Just weeks before President Obama announced details of his climate change action plan, federal officials approved a deal to allow expanded mining of coal on Navajo lands and its continued burning at the Four Corners Power Plant near Farmington, NM. The deal extends the lease on the plant by 25 years, and allows for an expansion of the Navajo Mine that supplies it. It came less than a month after operators of the Four Corners plant (chiefly Arizona Public Service) agreed to settle a lawsuit by federal officials and environmental groups that claimed plant emissions violated the Clean Air Act. Under the settlement, operators agreed to spend up to $160 million on equipment to reduce harmful emissions, and to set aside millions more for health and environmental programs. The regional haze produced by the plant and others ringing the Navajo reservation has long drawn protest. Under pressure from the EPA, the plant in 2013 shut down the oldest and dirtiest three of the five generating units to help the facility meet emission standards. But many locals are not appeased. "Our Mother Earth is being ruined," said Mary Lane, president of the Forgotten People, a grassroots Navajo organization. "We don't want the power plant to go on. It's ruining all the environment, the air, the water." (Navajo-Hopi Observer, July 21)
Members of the San Carlos Apache tribe returned to Arizona this week after traveling to Washington DC to protest the proposed Resolution Copper Mine near Superior, Ariz. A land swap to facilitate the project got federal approval last December, when it was added to the National Defense Authorization Act, although a bill sponsored by Rep. Raul Grijalva (D-AZ) aims to repeal that section of the measure. The protestors, from the group Apache Stronghold, oppose the swap, which would open Oak Flat, a part of Tonto National Forest that they hold sacred, to mining. Resolution Copper expects the National Environmental Policy Act (NEPA) review to start by year's end. Caravan member Standing Fox said at the Capitol, "I'll die for my land." If lobbying and legislation don't work, then in a "worst-case scenario, we will be out there blockading. We'll be stopping the whole process physically."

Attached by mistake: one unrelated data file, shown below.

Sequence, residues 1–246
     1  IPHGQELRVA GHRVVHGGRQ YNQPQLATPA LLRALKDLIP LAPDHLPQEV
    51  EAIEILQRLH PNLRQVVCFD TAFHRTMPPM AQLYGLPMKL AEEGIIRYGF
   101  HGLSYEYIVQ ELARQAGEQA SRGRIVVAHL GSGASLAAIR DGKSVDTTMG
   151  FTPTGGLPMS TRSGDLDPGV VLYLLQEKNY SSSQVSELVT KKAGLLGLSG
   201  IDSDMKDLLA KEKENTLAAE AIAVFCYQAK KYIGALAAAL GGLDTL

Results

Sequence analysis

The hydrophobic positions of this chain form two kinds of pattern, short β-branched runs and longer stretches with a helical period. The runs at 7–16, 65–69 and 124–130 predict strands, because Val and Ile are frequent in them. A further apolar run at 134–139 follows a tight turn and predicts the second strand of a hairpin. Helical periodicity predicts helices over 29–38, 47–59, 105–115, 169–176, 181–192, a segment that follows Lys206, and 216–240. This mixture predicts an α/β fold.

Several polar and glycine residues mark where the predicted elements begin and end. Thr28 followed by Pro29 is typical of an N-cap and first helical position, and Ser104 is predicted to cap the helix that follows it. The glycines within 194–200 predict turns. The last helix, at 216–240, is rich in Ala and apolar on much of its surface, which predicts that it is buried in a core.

The US Department of Justice and county officials in Phoenix on July 15 agreed to settle parts of a discrimination lawsuit filed against the Maricopa County Sheriff's Office in 2012. The DoJ filed charges against the Sheriff's Office for discriminatory practices in traffic stops, work and home raids, and in county jails, as well as claims of retaliation. The settlementreached with the Maricopa County Board of Supervisors did not address the allegation that Sheriff Joe Arpaio's agency racially profiled Latinos when making traffic stops in their effort to prevent illegal immigration. Supervisor Steve Gallardo said the settlement is in the best interest of saving tax-payer's money by avoiding an expensive trial. The remaining issue will proceed to a scheduled Aug. 10 trial in the US District Court for the District of Arizona.
US District Judge Murray Snow ruled May 24 that the Maricopa County Sheriff's Office illegally engaged in racial profiling, and prohibited deputies from using race as a factor in law-enforcement decisions, detaining people solely for suspected immigration violations, or contacting federal immigration authorities to arrest suspected undocumented immigrants who are not accused of committing state crimes. Critics of Sheriff Joe Arpaio's controversial immigration enforcement efforts said they felt vindicated by the ruling. "In my mind, people have been very abused in our communities," said Maricopa County Supervisor Mary Rose Wilcox. "We knew racial profiling was taking place and it was very hard to prove it."
Arizona's Gov. Jan Brewer issued an executive order on Aug. 15 that instructs state agencies not to provide driver's licenses and other public benefits to undocumented immigrants who have gained the right to work under a new federal program known as Deferred Action. Brewer's executive order rebuffs the Deferred Action program, a recent Obama administration policy that allows undocumented immigrants who served in the armed forces or have graduated high school, came to the US at a young age and are under 30 not to be deported. In her executive order, Brewer argued that the Deferred Action program does not grant legal status to undocumented immigrants and that she is enforcing current state law that denies public benefits to these immigrants: